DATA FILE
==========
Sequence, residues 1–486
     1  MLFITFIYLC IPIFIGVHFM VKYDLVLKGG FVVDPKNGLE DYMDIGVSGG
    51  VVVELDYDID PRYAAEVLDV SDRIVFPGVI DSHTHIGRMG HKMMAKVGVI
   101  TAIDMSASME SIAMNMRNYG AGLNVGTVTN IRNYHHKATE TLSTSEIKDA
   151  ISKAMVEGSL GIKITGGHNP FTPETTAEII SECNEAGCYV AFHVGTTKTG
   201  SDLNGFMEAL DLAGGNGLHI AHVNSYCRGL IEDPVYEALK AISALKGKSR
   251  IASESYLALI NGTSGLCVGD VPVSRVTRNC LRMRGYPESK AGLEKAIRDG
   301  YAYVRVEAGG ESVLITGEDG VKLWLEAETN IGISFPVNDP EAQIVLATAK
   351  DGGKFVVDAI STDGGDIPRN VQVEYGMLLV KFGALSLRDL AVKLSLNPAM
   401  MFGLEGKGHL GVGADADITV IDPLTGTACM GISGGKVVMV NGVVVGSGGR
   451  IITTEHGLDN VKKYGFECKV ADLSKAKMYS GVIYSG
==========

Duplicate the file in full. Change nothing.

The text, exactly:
Sequence, residues 1–486
     1  MLFITFIYLC IPIFIGVHFM VKYDLVLKGG FVVDPKNGLE DYMDIGVSGG
    51  VVVELDYDID PRYAAEVLDV SDRIVFPGVI DSHTHIGRMG HKMMAKVGVI
   101  TAIDMSASME SIAMNMRNYG AGLNVGTVTN IRNYHHKATE TLSTSEIKDA
   151  ISKAMVEGSL GIKITGGHNP FTPETTAEII SECNEAGCYV AFHVGTTKTG
   201  SDLNGFMEAL DLAGGNGLHI AHVNSYCRGL IEDPVYEALK AISALKGKSR
   251  IASESYLALI NGTSGLCVGD VPVSRVTRNC LRMRGYPESK AGLEKAIRDG
   301  YAYVRVEAGG ESVLITGEDG VKLWLEAETN IGISFPVNDP EAQIVLATAK
   351  DGGKFVVDAI STDGGDIPRN VQVEYGMLLV KFGALSLRDL AVKLSLNPAM
   401  MFGLEGKGHL GVGADADITV IDPLTGTACM GISGGKVVMV NGVVVGSGGR
   451  IITTEHGLDN VKKYGFECKV ADLSKAKMYS GVIYSG